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Into the Frying Pan


Out of the Fire into the Frying Pan

by Kenneth Lyen

I read an economic research report today from The Public Interest, and it made me laugh.

It said that smokers who quit smoking are overeating and becoming more obese. Thus they have transferred their risk factor for coronary heart (and other) disease(s), from the smoking group to the obese group.

"Obesity and sedentary lifestyles accounted for approximately 400,000 deaths in 2000 compared to 435,000 from cigarette smoking, 100,000 from alcohol abuse, and 20,000 from illegal drug use. Obesity costs more in annual medical care expenditures than cigarette smoking — around $75 billion in 2003 — because of the long and costly treatments for its complications."

This means that economically speaking, it is better to smoke than to overeat. By dying faster from problems associated with cigarette smoking compared to problems associated with obesity, you save on your medical bills. Death is more affordable than life. So what's the choice: to smoke or to overeat? Either way you end up dying prematurely.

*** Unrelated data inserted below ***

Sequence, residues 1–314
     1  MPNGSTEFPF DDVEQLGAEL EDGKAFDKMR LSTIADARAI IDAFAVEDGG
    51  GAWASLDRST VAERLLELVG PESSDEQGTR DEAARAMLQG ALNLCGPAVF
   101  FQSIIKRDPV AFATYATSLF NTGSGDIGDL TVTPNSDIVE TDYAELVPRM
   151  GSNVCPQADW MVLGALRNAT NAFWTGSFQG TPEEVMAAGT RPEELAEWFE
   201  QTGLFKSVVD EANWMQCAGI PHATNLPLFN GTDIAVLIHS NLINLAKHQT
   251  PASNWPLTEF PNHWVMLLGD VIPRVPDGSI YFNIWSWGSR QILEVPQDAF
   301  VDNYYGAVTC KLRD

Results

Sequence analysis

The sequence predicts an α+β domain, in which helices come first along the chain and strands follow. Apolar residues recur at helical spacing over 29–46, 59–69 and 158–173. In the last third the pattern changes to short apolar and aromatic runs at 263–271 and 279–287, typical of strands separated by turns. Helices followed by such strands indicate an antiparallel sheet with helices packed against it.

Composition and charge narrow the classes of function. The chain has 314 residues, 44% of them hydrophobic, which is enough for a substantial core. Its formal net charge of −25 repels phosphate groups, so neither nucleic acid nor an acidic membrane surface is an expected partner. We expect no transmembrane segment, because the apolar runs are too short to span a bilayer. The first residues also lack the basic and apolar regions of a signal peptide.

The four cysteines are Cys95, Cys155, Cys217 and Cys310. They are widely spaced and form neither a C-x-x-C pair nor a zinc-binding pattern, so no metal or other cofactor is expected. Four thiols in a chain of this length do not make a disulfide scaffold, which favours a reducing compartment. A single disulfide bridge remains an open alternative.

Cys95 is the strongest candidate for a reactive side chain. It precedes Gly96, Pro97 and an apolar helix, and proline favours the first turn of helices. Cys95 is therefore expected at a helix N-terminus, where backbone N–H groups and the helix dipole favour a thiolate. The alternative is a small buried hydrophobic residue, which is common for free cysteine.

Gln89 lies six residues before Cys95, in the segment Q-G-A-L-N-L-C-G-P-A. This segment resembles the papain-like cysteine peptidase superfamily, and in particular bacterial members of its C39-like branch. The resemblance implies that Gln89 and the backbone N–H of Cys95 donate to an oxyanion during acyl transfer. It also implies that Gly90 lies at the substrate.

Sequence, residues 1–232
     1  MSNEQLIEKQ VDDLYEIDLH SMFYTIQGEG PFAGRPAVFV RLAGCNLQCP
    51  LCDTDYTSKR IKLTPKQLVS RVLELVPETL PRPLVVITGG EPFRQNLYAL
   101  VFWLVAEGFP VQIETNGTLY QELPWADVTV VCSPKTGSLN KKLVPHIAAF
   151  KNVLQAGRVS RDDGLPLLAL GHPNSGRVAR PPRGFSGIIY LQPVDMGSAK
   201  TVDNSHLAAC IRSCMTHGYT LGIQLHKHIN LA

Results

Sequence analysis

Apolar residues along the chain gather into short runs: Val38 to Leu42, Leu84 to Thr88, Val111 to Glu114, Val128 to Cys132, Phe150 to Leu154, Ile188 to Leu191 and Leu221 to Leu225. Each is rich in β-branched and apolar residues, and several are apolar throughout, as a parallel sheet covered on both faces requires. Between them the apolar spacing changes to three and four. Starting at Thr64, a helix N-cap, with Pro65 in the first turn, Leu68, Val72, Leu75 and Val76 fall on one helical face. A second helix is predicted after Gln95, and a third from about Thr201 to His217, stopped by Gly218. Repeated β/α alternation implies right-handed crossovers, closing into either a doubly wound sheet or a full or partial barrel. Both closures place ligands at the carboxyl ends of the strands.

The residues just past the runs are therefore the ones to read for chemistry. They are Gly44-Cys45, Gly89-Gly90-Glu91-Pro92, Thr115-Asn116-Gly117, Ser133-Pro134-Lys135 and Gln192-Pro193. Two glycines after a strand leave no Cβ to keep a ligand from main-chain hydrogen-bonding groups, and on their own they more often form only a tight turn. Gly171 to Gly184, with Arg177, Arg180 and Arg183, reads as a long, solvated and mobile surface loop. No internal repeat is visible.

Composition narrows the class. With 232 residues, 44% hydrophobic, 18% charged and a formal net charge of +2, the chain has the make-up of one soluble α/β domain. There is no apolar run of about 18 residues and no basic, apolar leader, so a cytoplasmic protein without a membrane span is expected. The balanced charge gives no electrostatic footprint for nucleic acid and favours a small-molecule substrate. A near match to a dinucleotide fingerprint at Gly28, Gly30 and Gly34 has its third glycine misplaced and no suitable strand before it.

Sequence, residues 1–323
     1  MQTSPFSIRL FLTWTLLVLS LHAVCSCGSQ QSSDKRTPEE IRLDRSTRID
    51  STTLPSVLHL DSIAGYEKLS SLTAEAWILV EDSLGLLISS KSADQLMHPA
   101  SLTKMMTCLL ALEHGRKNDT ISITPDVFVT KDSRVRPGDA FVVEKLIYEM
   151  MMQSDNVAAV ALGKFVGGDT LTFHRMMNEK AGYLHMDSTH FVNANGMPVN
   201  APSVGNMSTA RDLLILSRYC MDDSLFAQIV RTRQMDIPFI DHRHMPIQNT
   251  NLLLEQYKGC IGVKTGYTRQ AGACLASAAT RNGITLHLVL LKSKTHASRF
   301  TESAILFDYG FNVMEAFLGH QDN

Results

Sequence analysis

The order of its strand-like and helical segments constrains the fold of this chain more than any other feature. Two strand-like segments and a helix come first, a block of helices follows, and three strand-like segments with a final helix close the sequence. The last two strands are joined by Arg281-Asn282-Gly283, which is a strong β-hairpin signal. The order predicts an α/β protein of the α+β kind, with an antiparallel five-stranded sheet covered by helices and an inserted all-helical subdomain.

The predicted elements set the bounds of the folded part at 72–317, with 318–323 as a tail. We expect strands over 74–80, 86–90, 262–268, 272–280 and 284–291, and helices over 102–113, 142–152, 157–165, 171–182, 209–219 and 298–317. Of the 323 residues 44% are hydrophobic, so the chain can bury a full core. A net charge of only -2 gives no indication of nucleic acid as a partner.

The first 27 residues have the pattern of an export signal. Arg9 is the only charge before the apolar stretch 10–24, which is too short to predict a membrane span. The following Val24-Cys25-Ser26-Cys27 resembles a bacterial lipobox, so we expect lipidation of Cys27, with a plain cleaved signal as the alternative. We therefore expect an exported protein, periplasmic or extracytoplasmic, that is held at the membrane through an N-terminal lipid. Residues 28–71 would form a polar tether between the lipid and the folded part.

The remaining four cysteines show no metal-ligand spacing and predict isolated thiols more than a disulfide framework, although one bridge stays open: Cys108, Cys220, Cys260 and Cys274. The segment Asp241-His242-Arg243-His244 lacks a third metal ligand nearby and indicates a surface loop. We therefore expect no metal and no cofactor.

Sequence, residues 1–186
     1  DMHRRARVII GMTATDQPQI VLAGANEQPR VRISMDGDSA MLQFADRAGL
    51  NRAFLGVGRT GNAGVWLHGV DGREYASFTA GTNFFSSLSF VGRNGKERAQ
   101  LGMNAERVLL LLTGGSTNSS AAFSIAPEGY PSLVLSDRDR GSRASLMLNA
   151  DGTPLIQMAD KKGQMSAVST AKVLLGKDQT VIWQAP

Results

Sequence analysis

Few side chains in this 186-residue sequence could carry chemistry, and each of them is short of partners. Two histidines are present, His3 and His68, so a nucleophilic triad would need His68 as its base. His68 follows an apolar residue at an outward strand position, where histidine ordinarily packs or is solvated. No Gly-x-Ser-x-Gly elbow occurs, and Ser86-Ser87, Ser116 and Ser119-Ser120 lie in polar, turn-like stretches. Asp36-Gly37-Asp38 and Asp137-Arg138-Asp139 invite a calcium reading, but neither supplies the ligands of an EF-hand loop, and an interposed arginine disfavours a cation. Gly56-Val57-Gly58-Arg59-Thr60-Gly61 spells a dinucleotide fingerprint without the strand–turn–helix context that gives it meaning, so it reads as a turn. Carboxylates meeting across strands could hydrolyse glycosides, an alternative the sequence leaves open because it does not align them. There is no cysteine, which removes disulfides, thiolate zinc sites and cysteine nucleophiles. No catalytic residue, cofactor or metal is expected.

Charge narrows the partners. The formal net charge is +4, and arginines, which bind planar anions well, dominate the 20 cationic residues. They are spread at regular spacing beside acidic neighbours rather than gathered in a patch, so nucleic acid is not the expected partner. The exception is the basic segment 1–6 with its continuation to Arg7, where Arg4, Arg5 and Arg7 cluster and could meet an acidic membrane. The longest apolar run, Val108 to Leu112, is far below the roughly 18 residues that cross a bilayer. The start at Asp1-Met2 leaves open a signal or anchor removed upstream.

This reminds me of a cartoon depicting words carved on a tombstone. 1980 Gave up smoking. 1990 Gave up fatty foods. 2000 Gave up sex. 2004 Still died.

The only good news is for the weight reduction industry. New drugs, new weight reducing regimens, new beauty parlours specialising in obese individuals, are sprouting up everywhere, and this industry is growing fat from the spoils. Pathologically obese individual are to be pitied. They occupy two seats wherever they sit, and they have few friends. They become depressed, and this makes them eat even more. Treatment can be extraordinarily invasive. I saw an Extreme Makeover programme on television, where a severely obese lady underwent liposuction and plastic surgery. Incredibly it worked! And it did seem to elevate her self-esteem. But I’m sure this didn’t come cheap.

I wondered to myself. All this obesity could have been prevented if only we had stuck to a stringent diet, coupled with vigorous exercises from young. Well, here in Singapore, we are pretty serious about preventing obesity. School children are taught to eat healthy foods and to exercise regularly. And should they become obese, this regimen becomes compulsory. Furthermore, there is an evangelical antismoking crusade in our schools. Hopefully an ounce of prevention is better than a pound of extreme makeovers.

Uh oh, I better stop eating these crisps while writing this!